View Mobile Site

State news briefs

Text Size: Small Large Medium
POSTED July 16, 2013 9:20 p.m.

26 CALVES STOLEN FROM STANISLAUS COUNTY DAIRY FARM: TURLOCK  (AP) — Stanislaus County authorities are investigating the theft of 26 calves from a dairy farm near Turlock.

Sheriff's officials say 16 of the calves vanished from the farm in Hilmar, Calif. on Monday between 2:30 a.m. and 3:30 a.m. The others were stolen two weeks ago.

Thieves on Monday also walked off with 20 bales of hay from a neighboring farm.

The missing livestock are month-old female Jersey calves that weigh around 80 pounds and are valued at $1,000 each.

Farm managers say cattle at the farm are tracked with microchips, but calves are marked with plastic tags only.

NEARLY 100 CATS KILLED IN SAN JOSE HOUSE FIRE: SAN JOSE  (AP) — Nearly 100 cats died in a San Jose house fire that also nearly killed the woman who lived there.

Firefighters early Tuesday had to cut through metal netting to save the woman in her 70s who had installed the fencing to keep the cats from escaping.

The woman is a volunteer cat rescuer who cares for and neuters the felines for adoption.

She woke up to the sound of her lone dog barking after her fire alarm failed to sound and saw smoke billowing from a bedroom.

A fire dispatcher told her to stay low until crews got there and cut through the fencing that trapped her.

About six cats survived.

OC BANK ROBBER LEAVES BEHIND PHONY BOMB: ANAHEIM  (AP) — Authorities say an Orange County bank robber made his getaway after leaving a phony bomb that forced the evacuation of the branch and several nearby businesses.

The man walked into a Bank of America in Anaheim at around 5 p.m. Monday, claimed he had a bomb, left the device and fled with an undisclosed amount of money.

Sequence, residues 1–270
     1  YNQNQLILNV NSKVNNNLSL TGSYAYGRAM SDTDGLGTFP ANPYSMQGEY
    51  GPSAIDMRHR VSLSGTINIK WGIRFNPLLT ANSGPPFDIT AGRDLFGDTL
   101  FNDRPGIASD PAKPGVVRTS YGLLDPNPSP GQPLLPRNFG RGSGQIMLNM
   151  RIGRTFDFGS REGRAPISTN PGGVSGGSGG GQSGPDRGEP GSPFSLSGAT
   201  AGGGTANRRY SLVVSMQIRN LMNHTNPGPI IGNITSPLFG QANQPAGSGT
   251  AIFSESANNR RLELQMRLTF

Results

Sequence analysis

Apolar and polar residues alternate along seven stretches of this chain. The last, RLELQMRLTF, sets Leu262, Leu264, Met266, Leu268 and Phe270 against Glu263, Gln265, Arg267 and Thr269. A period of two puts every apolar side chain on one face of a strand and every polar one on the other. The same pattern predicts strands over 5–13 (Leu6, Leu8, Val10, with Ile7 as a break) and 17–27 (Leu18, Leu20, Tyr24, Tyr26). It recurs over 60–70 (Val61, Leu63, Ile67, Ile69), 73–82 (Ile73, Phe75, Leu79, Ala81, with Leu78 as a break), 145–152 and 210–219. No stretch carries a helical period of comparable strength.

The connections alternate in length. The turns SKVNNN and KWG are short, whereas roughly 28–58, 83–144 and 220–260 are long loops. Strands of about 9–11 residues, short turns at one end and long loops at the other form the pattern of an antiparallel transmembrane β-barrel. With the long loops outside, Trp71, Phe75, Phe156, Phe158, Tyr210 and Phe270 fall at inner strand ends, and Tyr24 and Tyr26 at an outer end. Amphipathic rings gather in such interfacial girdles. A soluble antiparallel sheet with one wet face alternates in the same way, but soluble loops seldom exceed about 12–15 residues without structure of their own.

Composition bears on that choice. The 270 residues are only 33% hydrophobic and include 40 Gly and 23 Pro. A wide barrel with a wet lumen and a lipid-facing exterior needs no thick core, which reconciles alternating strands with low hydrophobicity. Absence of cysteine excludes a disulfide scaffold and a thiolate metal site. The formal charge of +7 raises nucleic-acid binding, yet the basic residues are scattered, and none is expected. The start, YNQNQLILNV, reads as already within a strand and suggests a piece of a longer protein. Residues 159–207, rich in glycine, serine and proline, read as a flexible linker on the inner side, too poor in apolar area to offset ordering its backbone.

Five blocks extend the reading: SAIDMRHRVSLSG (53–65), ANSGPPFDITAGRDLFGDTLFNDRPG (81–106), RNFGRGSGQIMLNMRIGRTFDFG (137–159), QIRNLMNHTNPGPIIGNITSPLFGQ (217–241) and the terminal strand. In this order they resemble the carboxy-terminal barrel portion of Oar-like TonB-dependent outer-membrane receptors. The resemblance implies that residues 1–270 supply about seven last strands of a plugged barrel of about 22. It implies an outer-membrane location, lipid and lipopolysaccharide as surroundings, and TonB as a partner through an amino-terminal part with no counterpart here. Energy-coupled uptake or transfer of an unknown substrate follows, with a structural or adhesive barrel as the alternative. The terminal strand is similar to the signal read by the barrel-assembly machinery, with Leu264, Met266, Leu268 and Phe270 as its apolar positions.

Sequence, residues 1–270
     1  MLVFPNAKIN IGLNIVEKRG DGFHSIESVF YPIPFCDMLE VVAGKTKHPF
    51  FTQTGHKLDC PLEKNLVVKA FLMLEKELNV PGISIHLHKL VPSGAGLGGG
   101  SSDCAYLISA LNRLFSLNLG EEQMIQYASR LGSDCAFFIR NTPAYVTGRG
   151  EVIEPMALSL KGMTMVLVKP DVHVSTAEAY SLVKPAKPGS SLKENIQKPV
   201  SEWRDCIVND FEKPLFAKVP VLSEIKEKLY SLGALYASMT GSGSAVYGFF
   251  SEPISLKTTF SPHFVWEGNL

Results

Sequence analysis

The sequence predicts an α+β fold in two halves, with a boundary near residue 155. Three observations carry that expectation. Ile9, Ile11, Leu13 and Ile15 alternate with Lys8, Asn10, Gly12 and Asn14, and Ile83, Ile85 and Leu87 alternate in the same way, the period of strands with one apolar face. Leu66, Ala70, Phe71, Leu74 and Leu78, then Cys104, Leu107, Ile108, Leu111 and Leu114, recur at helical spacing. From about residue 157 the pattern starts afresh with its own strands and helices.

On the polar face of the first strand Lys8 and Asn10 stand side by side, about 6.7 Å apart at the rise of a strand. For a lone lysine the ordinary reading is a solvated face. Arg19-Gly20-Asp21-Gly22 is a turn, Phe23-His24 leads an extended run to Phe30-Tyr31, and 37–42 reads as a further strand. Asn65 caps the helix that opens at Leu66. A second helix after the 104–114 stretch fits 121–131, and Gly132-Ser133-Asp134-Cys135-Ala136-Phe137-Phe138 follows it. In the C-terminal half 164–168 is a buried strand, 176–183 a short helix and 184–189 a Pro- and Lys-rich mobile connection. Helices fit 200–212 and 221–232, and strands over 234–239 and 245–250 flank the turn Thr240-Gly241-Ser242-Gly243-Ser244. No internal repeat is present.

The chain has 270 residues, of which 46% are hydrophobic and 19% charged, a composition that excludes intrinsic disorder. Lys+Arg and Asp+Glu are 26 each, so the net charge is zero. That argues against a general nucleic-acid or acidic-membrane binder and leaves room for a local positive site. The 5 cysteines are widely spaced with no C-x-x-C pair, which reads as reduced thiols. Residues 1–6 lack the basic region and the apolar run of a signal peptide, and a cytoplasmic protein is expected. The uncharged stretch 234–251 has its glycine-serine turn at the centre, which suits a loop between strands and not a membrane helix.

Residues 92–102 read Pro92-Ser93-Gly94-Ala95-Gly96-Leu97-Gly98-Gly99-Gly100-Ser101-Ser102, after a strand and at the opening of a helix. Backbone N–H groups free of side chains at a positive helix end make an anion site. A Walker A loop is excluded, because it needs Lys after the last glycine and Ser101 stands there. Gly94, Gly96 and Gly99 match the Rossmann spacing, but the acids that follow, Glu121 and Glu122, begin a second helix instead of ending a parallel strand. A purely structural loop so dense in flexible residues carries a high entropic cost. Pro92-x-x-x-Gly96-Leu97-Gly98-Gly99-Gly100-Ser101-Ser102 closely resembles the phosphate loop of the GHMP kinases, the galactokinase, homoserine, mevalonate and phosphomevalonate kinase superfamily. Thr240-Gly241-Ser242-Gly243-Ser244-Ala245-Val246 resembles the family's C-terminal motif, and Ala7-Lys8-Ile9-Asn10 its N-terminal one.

Sgt. Bob Dunn says evacuations were called until a bomb squad determined that the device had wires and batteries but no explosives.

LION THAT KILLED WILDLIFE VOLUNTEER WAS HEALTHY: DUNLAP  (AP) — A state report says a lion shot dead in March by deputies after it mauled a volunteer at a California wildlife park was in perfect health.

The California Animal Health & Food Safety Laboratory said in the report made available on Tuesday that extensive testing shows the male African lion known as Cous Cous did not have rabies, a viral disease that affects the brain. Had the test been positive, it might have explained why the young lion attacked 24-year-old Dianna Hanson of Washington state.

Hanson was cleaning the lion's cage at Cat Haven in the Sierra foothills east of Fresno. The 550-pound lion had been in an adjoining enclosure.

The report said testing was difficult because sheriff's deputies had shot the lion in the head.

SAN BERNARDINO COUNTY SHERIFF'S DEPUTY WOUNDED: SAN BERNARDINO  (AP) — A San Bernardino County sheriff's deputy has been shot and wounded in an attack on a patrol car.

Authorities say the cruiser was attacked at around 10:15 a.m. Tuesday as deputies were heading to serve an eviction notice on Date Street in San Bernardino.

City police Lt. Paul Williams tells KABC-TV that someone opened fire from a car, hitting the patrol car.

TV news reports showed at least three bullet holes in the white patrol car.

Williams says the wounded deputy is hospitalized in stable condition and is expected to recover.

The deputies inside returned fire and Williams says San Bernardino later stopped a car that had bullet holes.

SEQUOIA-KINGS CANYON PARKS GET NEW SUPERINTENDENT: SEQUOIA-KINGS CANYON NATIONAL PARKS (AP) — The former deputy superintendent at Yosemite National Park has been tapped for the top spot at neighboring Sequoia and Kings Canyon National Parks.

Woody Smeck has been acting superintendent at the parks best known for its giant trees since April.

Smeck also has worked at Santa Monica Mountains National Recreation Area, where he spent 11 years as superintendent. While there he was selected Superintendent of the Year for Natural Resources Stewardship.

Smeck grew up in Bakersfield and said he is eager to be returning to the region.

Sequoia and Kings Canyon National Parks sit side by side in the southern Sierra Nevada. In addition to the giant sequoias, the largest trees by volume on Earth, the parks feature caverns and the highest point in the continental U.S.


Commenting is not available.

Commenting not available.

Please wait ...